Most of these influencer programs get some things right and other aspects laughably wrong. Rather than pick on any one, let’s set up a straw man to point out the biggest sins of corporate influencer programs, as we see it.
We really enjoy Marco Arment’s blog and the links he posts and comments on. And we recently read his post, “We’re Just Flipping Through Index Cards”, with a reference to a podcast interview John Roderick by Myke Hurley that got us thinking. John is talking about the music industry, and Marco is talking about the app store. But a lot of it rings true for enterprise IT, too.
It’s tempting for companies to smack the little guys around. After all, it’s easier to bump off some new startup by spreading FUD than it is to challenge the top dog in your industry! But easy pickings should be avoided, especially when it comes to online communication and social media: It’s far easier for a company to lose mindshare by calling attention to the little guys than it is to gain anything from even the most justifiable argument. That’s why I advise my clients always to punch above their weight.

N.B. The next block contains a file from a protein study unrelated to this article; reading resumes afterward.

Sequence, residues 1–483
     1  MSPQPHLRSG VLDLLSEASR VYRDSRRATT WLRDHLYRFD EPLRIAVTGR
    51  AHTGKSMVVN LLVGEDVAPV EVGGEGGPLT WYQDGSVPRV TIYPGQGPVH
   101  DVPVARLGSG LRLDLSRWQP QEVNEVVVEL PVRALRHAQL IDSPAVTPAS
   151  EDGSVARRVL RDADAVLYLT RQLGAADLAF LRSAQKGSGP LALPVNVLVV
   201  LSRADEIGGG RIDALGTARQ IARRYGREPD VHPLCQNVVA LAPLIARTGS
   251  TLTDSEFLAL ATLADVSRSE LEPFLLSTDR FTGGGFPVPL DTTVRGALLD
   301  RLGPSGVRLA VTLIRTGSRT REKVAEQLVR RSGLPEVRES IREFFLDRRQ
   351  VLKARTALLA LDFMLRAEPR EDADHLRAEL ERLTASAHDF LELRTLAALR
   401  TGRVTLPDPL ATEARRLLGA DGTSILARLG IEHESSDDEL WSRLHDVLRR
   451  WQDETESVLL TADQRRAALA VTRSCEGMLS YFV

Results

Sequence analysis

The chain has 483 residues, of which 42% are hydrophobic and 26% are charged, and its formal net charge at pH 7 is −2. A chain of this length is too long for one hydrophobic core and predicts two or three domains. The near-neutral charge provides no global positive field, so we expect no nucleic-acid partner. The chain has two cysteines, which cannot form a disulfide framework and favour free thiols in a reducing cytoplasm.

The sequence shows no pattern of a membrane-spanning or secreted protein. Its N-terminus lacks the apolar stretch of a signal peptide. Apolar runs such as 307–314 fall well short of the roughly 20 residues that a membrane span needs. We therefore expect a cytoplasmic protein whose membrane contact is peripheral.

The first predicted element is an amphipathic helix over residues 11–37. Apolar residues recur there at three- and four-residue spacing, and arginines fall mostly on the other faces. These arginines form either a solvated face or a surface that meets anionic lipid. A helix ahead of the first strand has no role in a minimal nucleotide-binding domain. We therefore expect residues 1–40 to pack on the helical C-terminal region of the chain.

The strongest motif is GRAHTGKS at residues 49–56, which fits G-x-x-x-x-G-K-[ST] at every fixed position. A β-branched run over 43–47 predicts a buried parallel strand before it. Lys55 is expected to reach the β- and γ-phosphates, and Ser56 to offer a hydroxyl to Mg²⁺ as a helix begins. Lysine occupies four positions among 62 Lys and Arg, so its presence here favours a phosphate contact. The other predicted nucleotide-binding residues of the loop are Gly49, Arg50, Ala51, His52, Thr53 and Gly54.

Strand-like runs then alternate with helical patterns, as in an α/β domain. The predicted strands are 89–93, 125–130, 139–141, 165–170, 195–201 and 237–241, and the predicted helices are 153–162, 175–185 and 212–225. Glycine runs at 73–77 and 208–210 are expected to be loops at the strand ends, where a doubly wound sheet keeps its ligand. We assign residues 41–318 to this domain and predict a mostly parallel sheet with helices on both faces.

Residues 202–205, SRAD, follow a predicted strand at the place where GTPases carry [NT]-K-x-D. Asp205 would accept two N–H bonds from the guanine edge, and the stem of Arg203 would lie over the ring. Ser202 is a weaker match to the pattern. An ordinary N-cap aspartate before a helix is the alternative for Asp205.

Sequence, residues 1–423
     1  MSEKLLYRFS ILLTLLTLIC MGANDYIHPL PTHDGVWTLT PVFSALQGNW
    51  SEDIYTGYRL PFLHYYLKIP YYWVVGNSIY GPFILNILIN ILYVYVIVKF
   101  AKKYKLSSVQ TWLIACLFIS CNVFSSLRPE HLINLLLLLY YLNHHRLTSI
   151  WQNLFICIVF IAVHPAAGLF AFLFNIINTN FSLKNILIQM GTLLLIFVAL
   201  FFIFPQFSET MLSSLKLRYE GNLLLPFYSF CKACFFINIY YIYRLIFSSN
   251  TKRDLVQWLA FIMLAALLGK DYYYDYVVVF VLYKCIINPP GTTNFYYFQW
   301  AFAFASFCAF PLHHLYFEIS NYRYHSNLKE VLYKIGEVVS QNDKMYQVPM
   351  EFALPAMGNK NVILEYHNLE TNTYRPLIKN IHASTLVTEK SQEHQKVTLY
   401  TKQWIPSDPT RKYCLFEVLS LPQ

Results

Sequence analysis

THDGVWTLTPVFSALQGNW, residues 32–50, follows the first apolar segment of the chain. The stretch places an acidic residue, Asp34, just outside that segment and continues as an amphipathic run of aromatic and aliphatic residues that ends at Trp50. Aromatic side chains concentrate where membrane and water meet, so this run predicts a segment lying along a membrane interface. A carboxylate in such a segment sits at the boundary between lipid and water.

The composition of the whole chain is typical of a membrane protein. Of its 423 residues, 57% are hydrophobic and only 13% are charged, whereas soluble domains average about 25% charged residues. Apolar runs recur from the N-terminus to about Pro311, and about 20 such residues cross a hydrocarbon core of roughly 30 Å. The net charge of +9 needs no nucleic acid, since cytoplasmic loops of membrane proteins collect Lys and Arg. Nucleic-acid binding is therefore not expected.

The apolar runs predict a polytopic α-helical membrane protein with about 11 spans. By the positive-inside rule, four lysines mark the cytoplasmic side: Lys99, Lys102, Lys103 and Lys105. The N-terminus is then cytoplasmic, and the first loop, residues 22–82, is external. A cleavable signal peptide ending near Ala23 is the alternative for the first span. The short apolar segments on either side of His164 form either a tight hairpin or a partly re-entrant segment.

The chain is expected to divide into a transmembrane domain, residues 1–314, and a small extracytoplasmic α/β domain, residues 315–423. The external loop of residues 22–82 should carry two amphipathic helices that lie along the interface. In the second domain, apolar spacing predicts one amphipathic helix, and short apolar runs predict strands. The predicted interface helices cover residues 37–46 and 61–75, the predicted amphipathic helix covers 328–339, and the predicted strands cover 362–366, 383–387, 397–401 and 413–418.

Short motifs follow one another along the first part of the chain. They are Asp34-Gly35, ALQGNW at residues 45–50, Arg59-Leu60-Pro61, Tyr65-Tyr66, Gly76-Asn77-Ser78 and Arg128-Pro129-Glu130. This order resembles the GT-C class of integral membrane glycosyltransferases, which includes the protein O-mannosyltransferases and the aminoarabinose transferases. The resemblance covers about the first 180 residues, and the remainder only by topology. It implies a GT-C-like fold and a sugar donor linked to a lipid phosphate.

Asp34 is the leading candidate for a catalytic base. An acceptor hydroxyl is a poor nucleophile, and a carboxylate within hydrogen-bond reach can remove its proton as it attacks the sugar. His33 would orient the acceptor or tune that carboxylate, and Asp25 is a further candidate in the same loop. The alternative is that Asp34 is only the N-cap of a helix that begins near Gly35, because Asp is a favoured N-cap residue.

It’s not easy to be a public face for your employer, and doubly so when you’re using social media. Blogs, tweets, and the like value personal authenticity (and shun “corporateness”), forcing vendor bloggers to walk a tightrope. It can be hard to accept this burden, and many a bright young blogger flames out as the reality of the situation settles upon them. Yet some emerge from the trials with a reasonable philosophy and are able to continue.
Conventional PR mechanisms face many challenges in this new Internet-enabled world, but one of the thorniest for product vendors is the question of controlling information prior to announcements. Although there are many benefits to briefing writers and thought leaders ahead of time, there is a difference of opinion on how to handle this. And not all writers are the same, with reporters being focused on scoops and independent bloggers often more interested in considering their take on the news. Then there is the issue of embargo-breaking, and how to handle leaks. What should one do?